If you only do one thing this weekend . . . festivalise
In a festive funk: If you were the king of festival land, and were wearing your finest festival suit, while riding along in your festive carriage being pulled by the most festive horses in all the land, you still wouldn’t be festive enough to handle all that this bank-holiday weekend could throw at you.
King of the heap by a nose is Castlepalooza, the three-day event that turns Charleville Castle into one enormous house party. Among the acts playing are The Charlatans, Le Galaxie, Ghostpoet, King Charles, Jape, Solar Bears, Little Green Cars, Katie Kim, Donal Dineen and plenty more. Tickets are available for just €50. Suits of armour are optional.
Meanwhile, in Cork, the Indiependence Music and Arts Festival is laying on the likes of British Sea Power, Feeder, Maverick Sabre, Japanese Popstars, Delorentos, We Cut Corners, and more in Mitchelstown. Tickets for this one are €99.
Also trying to show you a good time is the Liss Ard 2012 festival featuring Chic (who are bossing their away around various bits of the country at the moment), Lisa Hannigan, Bob Mould, Tieranniesaur, and more. €89.50 gets you through the gate for the whole shebang.
Solo shows: Away from the festival heap, the standout gig of the weekend could well be James Blake’s DJ set in the Academy on Friday night, and his turn in Stiff Kitten in Belfast on Saturday. The electro producer who everyone wants to work with will be including tracks from his Harmonimix alter ego, with support from The Chain and the hotly tipped Space Dimension Controller.
London beatboxer and live improviser Beardyman is also taking the time to perform in Dublin’s Button Factory this weekend – he’s a frequent enough visitor to this part of the world, but given his extraordinary dexterity he always gets a warm welcome.
Meanwhile, Nicolas Jaar will be rolling into Dublin on Sunday night for a rare live show, as part of a showcase for his label, Clown & Sunset Records. Support on the night comes from Acid Pauli and Valentin Snip.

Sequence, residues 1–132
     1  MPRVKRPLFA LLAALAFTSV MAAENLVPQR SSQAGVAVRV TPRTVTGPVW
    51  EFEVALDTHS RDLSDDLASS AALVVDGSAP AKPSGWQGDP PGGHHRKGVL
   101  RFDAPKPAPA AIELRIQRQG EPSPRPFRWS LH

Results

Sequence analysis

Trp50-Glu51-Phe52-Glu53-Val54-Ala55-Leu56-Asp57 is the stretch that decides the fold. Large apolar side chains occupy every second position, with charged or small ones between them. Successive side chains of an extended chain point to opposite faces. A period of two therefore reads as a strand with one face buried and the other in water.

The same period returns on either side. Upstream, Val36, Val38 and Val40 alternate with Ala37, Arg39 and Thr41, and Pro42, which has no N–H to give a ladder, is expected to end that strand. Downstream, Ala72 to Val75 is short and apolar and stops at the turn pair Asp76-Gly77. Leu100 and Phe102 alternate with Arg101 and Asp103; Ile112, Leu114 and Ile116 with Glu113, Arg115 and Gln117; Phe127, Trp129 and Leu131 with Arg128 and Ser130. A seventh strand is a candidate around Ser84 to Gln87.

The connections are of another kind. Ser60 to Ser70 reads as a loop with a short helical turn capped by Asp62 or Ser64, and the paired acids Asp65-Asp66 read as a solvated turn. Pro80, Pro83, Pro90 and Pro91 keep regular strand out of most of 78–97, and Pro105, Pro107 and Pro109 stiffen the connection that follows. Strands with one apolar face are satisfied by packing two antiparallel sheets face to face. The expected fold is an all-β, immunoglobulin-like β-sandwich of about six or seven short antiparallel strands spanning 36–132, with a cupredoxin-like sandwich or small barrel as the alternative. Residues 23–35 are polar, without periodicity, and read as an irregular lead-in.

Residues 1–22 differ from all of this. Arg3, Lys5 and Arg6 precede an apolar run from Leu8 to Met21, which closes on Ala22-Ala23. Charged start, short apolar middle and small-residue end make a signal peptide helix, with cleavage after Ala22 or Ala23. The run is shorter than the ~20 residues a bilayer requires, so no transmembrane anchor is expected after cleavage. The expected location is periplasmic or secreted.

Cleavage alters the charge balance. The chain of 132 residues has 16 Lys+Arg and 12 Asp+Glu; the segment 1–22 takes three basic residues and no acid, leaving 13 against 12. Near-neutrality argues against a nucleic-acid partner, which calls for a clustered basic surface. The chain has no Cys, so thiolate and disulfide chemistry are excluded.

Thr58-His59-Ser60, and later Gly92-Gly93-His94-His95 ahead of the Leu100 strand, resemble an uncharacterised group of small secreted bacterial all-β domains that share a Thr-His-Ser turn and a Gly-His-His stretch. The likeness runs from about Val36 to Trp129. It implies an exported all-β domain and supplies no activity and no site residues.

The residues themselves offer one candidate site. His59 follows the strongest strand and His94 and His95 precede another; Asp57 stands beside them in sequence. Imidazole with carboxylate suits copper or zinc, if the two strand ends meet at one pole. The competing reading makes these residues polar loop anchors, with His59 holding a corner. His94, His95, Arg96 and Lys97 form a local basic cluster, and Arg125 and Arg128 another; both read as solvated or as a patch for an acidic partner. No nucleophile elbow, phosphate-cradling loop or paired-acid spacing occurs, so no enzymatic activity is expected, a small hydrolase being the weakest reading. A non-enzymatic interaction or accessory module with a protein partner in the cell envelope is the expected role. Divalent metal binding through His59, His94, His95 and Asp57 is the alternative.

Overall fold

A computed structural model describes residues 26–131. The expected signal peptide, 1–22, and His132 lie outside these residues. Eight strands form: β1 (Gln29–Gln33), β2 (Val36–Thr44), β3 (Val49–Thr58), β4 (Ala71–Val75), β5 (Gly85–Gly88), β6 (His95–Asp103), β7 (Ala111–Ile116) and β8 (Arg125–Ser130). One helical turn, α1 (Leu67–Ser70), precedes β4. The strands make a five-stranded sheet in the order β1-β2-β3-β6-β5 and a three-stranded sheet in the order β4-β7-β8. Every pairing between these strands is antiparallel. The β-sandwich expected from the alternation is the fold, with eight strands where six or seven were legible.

Planning a quiet weekend in, were you? Forget it. All sleep has been cancelled.
Do not avert your Gaze: This year sees the Gaze Dublin International LGBT Film Festival celebrate 20 years in action, and it will be calling Dublin’s Light House cinema home for the weekend. Among the highlights on offer are: Leave It On The Floor, Sheldon Larry’s low-budget musical; Carol Channing: Larger than Life, an affectionate if uncritical biopic of the Broadway star; Sexing the Transman, a documentary made by Buck Angel that claims to be the “most progressive sex education film ever made”; and Revealing Mr Maugham, Michael House’s film on the playwright, novelist and spy W Somerset Maugham.
Fading pictures: The PhotoIreland festival is drawing to a staggered close, but there’s still time to catch some of its host of exhibitions before the pictures come down. Evelyn Hofer’s work will stay in Temple Bar’s Gallery of Photography until August 31st, while Sean Hillen’s work in Northern Ireland from 1979 to 1990 will stay across the way in the National Photographic Archive until the end of September. Kimura Ihei’s pictures of Paris from 1954 to 1955 (below) are at Alliance Française until September, and you have the weekend to squeeze in a fleeting glimpse of the work of Jean Revillard at the Copper House Gallery.
Eastern promise: If you haven’t seen it already, this is your last chance to take in The Tale of the Bamboo Cutter, a glorious exhibition in the Chester Beatty Library, featuring newly restored 17th-century Japanese picture scrolls that illustrate the oldest Japanese work of prose fiction. I’ve mentioned it before on the blog, but it’s worth repeating, and here’s Gemma Tipton’s article on these scrolls, perhaps the first ever Japanese sci-fi story.